Considered to be one of the most consistently inventive American directors in the last thirty years, Martin Scorsese has brought to life some of the most violently thought provoking stories onto the screen. Many of his films deal with life in the Mafia. Some have dealt with psychotics and killers. Others have been complete departures that were period pieces, comedies, and even a feminist drama. He has proven that he can do big Hollywood-style movies as well as smaller, independent films. Either way, many of his themes and styles are generally seen in all of his films.
Scorsese likes to work with certain actors on a regular basis. Robert DeNiro has starred in most of Scorsese’s movies with 7. Other actors like Harvey Keitel and Joe Pesci have worked on numerous Scorsese films. It seems that with such a specific view on how to make a film, Scorsese likes to work with what he knows. For him, it seems, having actors with whom he knows well, keeps his vision under more control.
In terms of style, Scorsese likes to experiment. In his mobster movies, Scorsese likes to film and edit much of it like a documentary. This is effective in helping the viewer to get acquainted with the criminal life. Parts of Goodfellas and Mean Streets were in this style as was, to a more obvious degree, the first half hour of Casino. Usually the narration plays a large part in this style of filmmaking. The use of narration, in general, is another one of Scorsese’s styles.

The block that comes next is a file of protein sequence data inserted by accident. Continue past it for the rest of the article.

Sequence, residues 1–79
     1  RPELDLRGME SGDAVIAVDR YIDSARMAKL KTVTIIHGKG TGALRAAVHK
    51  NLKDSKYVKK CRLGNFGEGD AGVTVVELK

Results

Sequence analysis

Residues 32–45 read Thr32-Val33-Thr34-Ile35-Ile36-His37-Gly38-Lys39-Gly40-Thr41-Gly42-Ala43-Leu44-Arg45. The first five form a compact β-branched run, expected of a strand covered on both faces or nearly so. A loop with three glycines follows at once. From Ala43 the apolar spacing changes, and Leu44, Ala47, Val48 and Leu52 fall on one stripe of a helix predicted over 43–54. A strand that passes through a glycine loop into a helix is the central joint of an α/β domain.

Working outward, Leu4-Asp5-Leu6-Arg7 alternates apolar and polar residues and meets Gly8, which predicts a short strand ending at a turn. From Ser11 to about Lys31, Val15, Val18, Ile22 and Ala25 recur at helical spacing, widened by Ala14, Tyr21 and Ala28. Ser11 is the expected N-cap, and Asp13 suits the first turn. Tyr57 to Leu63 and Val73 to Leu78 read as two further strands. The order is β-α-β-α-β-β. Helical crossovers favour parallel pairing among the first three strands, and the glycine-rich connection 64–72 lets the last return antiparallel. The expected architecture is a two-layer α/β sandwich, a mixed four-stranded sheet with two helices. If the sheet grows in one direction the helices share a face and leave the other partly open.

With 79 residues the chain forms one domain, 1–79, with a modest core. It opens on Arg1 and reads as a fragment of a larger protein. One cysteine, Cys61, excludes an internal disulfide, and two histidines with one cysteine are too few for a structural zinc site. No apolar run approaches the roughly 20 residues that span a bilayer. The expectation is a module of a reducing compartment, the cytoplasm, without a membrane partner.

In Mean Streets, there is a wonderfully lit and choreographed scene that involves Harvey Keitel’s character Charlie after he becomes intoxicated at a party. He accomplished this using a wide angle lens and unnatural bar room-style lighting with an overwhelmingly red tone to it. It also has a smokey look to it. Also, Keitel’s acting is excellent as he is playing someone who had a bit too much to drink. All these elements together create an amazingly realistic look and feel of intoxication on filmnot that I would know.
One element that confuses me a little is how Keitel is framed in the center of the screen with the background shaking and moving behind him. I have seen this technique done more recently in music videos and I assume it’s with a steady cam that’s held by the actor at a lower angle. In the early 70’s however, I’m not sure if they had developed the steady cam yet.
The lighting itself is great because Keitel’s character walks around the entire bar itself. The whole scene had to be lit ahead of time. Scorcese did this type of long take again even more elaborately in Goodfella’s almost 20 years later when Ray Liota’s character walked into a nightclub from the outside, through the kitchen and then onto the club’s floor without a single cut.